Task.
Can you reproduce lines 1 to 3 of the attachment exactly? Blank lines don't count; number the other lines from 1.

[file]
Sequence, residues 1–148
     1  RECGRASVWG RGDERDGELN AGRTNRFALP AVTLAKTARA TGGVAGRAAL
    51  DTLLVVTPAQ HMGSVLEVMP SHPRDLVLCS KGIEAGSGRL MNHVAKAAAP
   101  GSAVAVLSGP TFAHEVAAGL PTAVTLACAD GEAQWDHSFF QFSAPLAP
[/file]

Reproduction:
Sequence, residues 1–148
     1  RECGRASVWG RGDERDGELN AGRTNRFALP AVTLAKTARA TGGVAGRAAL
    51  DTLLVVTPAQ HMGSVLEVMP SHPRDLVLCS KGIEAGSGRL MNHVAKAAAP